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dc.contributor.advisorCarrington, Janeen
dc.contributor.authorCobbs, Brian W.
dc.creatorCobbs, Brian W.en
dc.date.accessioned2017-06-21T16:54:57Z
dc.date.available2017-06-21T16:54:57Z
dc.date.issued2017
dc.identifier.urihttp://hdl.handle.net/10150/624310
dc.description.abstractA hand-off represents the transfer of patient information and care responsibility between a sending and receiving provider. Hand-offs occur in single locations such as inpatient wards and across care settings like from primary care offices to emergency departments. This care transition quality improvement (QI) project was created to improve patient hand-off communication from a primary care office to a hospital based emergency department within the greater Phoenix, AZ metropolitan area. No uniform hand-off process existed before the QI project. The purpose of the QI project was to demonstrate process necessary to achieve desired outcomes, in this case, a superior patient hand-off. The QI project goal was to develop a standardized hand-off protocol and tool. The aim of this QI project was to replace existing hand-off methods with a formalized new hand-off process and tool used during care transition from a primary care office to an emergency department. QI project methods followed two (2) plan-do-study-act (PDSA) cycles involving QI team meetings and end-user feedback that iteratively led to the adoption of a standardized hand-off process and tool. PDSA cycle one identified the best handoff tool. PDSA cycle two established an efficient process for conducting hand-offs. The new hand-off tool consistently demonstrated superior information transfer. Program participant satisfaction increased and was reflected by positive feedback as most nurses and doctors embraced the new process.
dc.language.isoen_USen
dc.publisherThe University of Arizona.en
dc.rightsCopyright © is held by the author. Digital access to this material is made possible by the University Libraries, University of Arizona. Further transmission, reproduction or presentation (such as public display or performance) of protected items is prohibited except with permission of the author.en
dc.subjectCommunicationen
dc.subjectEmergency Departmenten
dc.subjectHand-offen
dc.subjectPrimary Careen
dc.titleImproving Hand-Off Communication from Primary Care to Emergency Departmenten_US
dc.typetexten
dc.typeElectronic Dissertationen
thesis.degree.grantorUniversity of Arizonaen
thesis.degree.leveldoctoralen
dc.contributor.committeememberCarrington, Janeen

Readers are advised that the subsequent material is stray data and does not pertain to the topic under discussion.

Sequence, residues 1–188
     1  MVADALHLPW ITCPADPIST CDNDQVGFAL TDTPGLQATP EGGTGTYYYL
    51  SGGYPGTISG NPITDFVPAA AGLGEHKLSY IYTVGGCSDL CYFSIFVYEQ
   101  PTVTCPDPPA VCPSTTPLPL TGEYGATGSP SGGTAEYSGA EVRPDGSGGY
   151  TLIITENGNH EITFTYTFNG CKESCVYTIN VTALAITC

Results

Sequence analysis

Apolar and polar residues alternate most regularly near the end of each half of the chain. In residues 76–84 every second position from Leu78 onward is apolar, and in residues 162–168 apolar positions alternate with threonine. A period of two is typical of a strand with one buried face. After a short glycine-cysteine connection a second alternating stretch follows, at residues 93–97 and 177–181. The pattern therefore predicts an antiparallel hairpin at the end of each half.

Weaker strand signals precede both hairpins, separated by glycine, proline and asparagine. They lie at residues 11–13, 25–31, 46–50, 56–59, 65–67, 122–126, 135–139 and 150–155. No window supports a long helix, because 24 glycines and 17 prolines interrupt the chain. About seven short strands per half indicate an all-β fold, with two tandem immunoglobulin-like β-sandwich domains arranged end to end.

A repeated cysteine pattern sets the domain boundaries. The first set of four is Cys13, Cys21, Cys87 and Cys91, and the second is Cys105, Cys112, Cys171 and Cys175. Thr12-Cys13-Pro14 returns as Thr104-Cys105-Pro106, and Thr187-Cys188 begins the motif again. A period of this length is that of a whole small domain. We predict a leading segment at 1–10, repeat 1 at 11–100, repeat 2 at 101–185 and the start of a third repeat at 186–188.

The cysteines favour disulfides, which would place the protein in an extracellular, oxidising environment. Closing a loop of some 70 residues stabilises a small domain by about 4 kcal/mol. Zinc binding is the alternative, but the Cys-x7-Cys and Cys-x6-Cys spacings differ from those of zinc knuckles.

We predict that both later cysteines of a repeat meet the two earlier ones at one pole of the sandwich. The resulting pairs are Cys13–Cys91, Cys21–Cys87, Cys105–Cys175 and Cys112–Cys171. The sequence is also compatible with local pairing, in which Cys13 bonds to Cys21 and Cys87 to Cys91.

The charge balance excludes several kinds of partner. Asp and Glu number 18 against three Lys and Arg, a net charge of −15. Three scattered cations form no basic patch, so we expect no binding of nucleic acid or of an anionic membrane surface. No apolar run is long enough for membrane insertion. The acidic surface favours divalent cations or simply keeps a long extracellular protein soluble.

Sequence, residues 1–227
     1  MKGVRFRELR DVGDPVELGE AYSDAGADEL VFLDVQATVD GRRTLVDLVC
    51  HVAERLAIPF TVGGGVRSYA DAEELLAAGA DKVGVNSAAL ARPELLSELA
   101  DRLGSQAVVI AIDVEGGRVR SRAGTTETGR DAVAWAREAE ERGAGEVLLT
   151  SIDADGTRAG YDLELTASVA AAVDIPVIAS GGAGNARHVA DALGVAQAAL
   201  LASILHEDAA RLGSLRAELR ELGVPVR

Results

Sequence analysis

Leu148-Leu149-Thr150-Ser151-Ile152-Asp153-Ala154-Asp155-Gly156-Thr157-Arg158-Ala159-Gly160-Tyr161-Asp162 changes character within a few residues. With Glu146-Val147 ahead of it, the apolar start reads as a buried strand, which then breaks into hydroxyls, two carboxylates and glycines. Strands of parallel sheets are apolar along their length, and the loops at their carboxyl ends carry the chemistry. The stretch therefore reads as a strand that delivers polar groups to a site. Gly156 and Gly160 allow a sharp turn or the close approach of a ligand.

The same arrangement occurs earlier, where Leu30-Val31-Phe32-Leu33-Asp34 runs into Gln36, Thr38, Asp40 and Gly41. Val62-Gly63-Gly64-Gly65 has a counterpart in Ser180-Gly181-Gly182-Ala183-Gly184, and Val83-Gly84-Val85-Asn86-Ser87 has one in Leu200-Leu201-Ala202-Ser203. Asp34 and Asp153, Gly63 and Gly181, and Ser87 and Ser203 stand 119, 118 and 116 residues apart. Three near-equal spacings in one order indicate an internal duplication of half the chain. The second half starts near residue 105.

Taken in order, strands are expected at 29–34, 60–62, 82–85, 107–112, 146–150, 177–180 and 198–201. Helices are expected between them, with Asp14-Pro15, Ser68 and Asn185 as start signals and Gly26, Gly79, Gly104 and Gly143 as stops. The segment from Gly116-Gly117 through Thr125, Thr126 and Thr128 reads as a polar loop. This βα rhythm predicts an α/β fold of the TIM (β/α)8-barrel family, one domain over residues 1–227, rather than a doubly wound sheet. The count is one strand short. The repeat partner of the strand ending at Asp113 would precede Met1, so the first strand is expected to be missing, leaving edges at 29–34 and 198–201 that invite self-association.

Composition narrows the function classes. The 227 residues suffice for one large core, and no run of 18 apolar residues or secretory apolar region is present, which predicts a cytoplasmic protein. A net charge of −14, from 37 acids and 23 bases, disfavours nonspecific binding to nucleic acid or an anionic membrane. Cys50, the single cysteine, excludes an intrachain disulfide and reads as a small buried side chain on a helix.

dc.contributor.committeememberMichaels, Cathleen L.en
dc.contributor.committeememberRuel, Jenniferen
thesis.degree.disciplineGraduate Collegeen
thesis.degree.disciplineNursingen
thesis.degree.nameD.N.P.en
refterms.dateFOA2018-06-14T22:05:38Z
html.description.abstractA hand-off represents the transfer of patient information and care responsibility between a sending and receiving provider. Hand-offs occur in single locations such as inpatient wards and across care settings like from primary care offices to emergency departments. This care transition quality improvement (QI) project was created to improve patient hand-off communication from a primary care office to a hospital based emergency department within the greater Phoenix, AZ metropolitan area. No uniform hand-off process existed before the QI project. The purpose of the QI project was to demonstrate process necessary to achieve desired outcomes, in this case, a superior patient hand-off. The QI project goal was to develop a standardized hand-off protocol and tool. The aim of this QI project was to replace existing hand-off methods with a formalized new hand-off process and tool used during care transition from a primary care office to an emergency department. QI project methods followed two (2) plan-do-study-act (PDSA) cycles involving QI team meetings and end-user feedback that iteratively led to the adoption of a standardized hand-off process and tool. PDSA cycle one identified the best handoff tool. PDSA cycle two established an efficient process for conducting hand-offs. The new hand-off tool consistently demonstrated superior information transfer. Program participant satisfaction increased and was reflected by positive feedback as most nurses and doctors embraced the new process.


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